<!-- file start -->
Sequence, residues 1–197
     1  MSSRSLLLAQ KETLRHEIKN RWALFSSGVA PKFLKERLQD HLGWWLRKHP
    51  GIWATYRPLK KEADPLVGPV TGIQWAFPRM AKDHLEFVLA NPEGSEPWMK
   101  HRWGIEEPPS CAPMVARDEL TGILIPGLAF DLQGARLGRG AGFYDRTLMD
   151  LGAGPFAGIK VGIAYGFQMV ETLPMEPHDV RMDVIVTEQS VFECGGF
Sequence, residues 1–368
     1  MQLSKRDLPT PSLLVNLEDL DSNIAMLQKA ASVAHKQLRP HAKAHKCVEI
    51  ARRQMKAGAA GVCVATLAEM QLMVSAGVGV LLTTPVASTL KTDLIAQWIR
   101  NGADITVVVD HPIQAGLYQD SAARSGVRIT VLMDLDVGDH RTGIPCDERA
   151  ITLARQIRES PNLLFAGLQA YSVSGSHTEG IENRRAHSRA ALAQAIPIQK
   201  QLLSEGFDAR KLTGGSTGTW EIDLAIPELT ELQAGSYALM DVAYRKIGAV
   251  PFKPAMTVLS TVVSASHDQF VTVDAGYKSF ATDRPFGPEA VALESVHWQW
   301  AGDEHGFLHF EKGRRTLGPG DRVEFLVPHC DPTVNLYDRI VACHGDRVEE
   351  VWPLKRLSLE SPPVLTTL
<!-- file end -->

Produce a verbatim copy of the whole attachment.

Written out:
Sequence, residues 1–197
     1  MSSRSLLLAQ KETLRHEIKN RWALFSSGVA PKFLKERLQD HLGWWLRKHP
    51  GIWATYRPLK KEADPLVGPV TGIQWAFPRM AKDHLEFVLA NPEGSEPWMK
   101  HRWGIEEPPS CAPMVARDEL TGILIPGLAF DLQGARLGRG AGFYDRTLMD
   151  LGAGPFAGIK VGIAYGFQMV ETLPMEPHDV RMDVIVTEQS VFECGGF
Sequence, residues 1–368
     1  MQLSKRDLPT PSLLVNLEDL DSNIAMLQKA ASVAHKQLRP HAKAHKCVEI
    51  ARRQMKAGAA GVCVATLAEM QLMVSAGVGV LLTTPVASTL KTDLIAQWIR
   101  NGADITVVVD HPIQAGLYQD SAARSGVRIT VLMDLDVGDH RTGIPCDERA
   151  ITLARQIRES PNLLFAGLQA YSVSGSHTEG IENRRAHSRA ALAQAIPIQK
   201  QLLSEGFDAR KLTGGSTGTW EIDLAIPELT ELQAGSYALM DVAYRKIGAV
   251  PFKPAMTVLS TVVSASHDQF VTVDAGYKSF ATDRPFGPEA VALESVHWQW
   301  AGDEHGFLHF EKGRRTLGPG DRVEFLVPHC DPTVNLYDRI VACHGDRVEE
   351  VWPLKRLSLE SPPVLTTL